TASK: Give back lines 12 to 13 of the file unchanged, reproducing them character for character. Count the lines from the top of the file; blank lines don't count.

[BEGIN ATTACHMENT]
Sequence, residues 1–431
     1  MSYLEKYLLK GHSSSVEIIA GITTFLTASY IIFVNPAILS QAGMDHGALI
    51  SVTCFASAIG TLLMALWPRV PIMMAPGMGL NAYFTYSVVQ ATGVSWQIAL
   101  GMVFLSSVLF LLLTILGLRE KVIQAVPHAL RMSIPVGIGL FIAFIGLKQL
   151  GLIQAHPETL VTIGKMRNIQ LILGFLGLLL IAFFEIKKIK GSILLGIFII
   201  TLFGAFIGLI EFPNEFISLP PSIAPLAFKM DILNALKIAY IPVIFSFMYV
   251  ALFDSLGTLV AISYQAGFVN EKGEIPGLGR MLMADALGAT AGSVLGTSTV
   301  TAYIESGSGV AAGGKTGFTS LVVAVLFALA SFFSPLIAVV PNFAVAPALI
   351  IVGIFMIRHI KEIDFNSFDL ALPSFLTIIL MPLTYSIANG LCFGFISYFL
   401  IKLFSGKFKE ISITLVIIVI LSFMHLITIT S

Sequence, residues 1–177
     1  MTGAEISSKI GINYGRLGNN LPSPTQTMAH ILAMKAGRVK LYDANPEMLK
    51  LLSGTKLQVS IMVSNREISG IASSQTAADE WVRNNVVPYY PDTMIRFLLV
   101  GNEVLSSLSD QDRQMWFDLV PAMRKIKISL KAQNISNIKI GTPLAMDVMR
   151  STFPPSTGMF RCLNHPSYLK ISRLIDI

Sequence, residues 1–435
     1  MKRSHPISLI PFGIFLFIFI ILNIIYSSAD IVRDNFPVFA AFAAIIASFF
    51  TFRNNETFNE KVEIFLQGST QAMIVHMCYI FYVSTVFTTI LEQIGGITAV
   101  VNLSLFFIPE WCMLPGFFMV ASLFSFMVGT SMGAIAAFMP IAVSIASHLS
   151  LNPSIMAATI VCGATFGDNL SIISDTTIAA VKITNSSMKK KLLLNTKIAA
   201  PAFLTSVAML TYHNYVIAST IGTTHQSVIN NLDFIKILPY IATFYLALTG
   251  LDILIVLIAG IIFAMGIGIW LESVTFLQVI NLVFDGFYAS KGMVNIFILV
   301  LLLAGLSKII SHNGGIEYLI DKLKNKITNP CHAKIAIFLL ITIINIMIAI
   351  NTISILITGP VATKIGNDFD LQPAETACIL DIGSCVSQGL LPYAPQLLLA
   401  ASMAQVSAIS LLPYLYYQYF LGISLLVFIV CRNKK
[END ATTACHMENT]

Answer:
     1  MTGAEISSKI GINYGRLGNN LPSPTQTMAH ILAMKAGRVK LYDANPEMLK
    51  LLSGTKLQVS IMVSNREISG IASSQTAADE WVRNNVVPYY PDTMIRFLLV